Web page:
The paintings depict parts of the body that can typically be seen through the eyes, such as the hands and feet, as well as parts of the body that cannot, including the eyes themselves. From this perspective, we remain ‘up in the air’, unable to form a complete picture of any(thing) in particular. The pod, in contrast, provides an immersive experience, and the viewer feels close to, held by, and ultimately in the grip of the film; they cannot look away. While the overall relation of the different elements of the installation remains the same regardless of the setting – the neon beckons, the paintings engage, and the film takes by surprise and compels – the experience of the film is purposely presented in such a way that it offers exactly the same experience to the viewer wherever they may be viewing it.
If we cast back to van der Grijn’s Self Portrait, previously exhibited in 2016 in the Model, Sligo, we have a sense of what is to come. Part of an ongoing photographic project documenting the artist’s life through medical trauma, the photograph depicts the artist, unconscious during an operation on her eye, eyelids pinned back, unflinching and unable to blink, due to mechanical restraints. The fact that the physical eye is out of action in that moment only serves to highlight a deeper vision, the kind of vision that, once realised, is no longer a matter of choice; we cannot tear our eyes away, even if we close them, become blind or unconscious.
As van der Grijn has pointed out, the eyes are the first part of the body to decline upon death. This is clearly an important concept in the film, which uses van der Grijn’s own eyes as props, serving on many levels to bring about a shift in perspective. More than merely deflecting our gaze by pointing, van der Grijn invites us to look at what she sees, through her very eyes. Like moving into a darkened room, it takes a while for vision to adjust. The female protagonist in the film reaches out for the new eyes, but these are not just intuitive eyes for the blind, dying or dead to see through – they are literally the artist’s eyes, and by extension, they are our own.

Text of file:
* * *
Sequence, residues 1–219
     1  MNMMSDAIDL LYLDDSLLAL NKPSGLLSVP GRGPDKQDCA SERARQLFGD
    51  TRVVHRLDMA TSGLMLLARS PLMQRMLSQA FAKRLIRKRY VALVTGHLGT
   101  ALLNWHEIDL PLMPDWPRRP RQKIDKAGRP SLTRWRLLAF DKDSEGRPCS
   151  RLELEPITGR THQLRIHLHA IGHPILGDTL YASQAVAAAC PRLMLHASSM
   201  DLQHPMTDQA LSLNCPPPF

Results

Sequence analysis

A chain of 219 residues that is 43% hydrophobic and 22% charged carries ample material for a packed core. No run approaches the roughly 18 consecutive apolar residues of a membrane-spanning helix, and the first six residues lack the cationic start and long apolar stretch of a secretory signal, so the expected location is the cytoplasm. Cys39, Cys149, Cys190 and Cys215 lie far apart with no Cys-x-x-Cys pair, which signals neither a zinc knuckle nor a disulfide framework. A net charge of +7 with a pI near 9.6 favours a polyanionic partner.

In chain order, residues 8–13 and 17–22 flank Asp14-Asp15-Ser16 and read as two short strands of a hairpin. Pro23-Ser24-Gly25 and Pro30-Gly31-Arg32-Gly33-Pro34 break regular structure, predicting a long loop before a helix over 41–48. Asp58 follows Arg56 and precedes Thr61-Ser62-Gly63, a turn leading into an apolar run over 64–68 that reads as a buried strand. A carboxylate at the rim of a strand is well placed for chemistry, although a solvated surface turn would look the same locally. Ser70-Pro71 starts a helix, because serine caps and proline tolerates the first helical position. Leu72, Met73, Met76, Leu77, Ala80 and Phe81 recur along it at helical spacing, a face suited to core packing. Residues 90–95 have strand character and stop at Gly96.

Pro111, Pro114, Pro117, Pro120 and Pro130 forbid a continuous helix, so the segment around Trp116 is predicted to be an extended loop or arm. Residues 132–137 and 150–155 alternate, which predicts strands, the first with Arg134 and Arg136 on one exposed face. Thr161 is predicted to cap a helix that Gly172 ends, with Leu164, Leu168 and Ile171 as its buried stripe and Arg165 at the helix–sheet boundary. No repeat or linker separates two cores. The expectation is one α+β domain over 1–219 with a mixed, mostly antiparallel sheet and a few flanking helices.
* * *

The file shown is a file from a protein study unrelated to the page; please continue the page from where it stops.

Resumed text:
The importance of this can be understood, not just in relation to the recurring themes of van der Grijn’s work, but the way these themes relate, what is left unexpressed or undefined, the space in-between. While themes of time, space, perspective, memory and perception – elements we use to construct our experience in the world – are central, the question of where this construction occurs, somewhere ‘in-between’, along with a way of looking, vision, predominate. The viewer is drawn to look, within a space that is neither here nor there, inside nor outside, conscious nor unconscious, underlying nor overlying. This space in-between, together with this way of seeing, is the space of art, of trauma, of life in its terrifying and glorious immediacy. Juxtaposing artforms and playing with themes of perception, time, space and memory, ‘JUMP’ leads the viewer into a space where they come face to face with life, in a way that is perhaps only possible through the lens of death. From the moment of entering the exhibition, the viewer is drawn to look; once attention is gained, they cannot look away.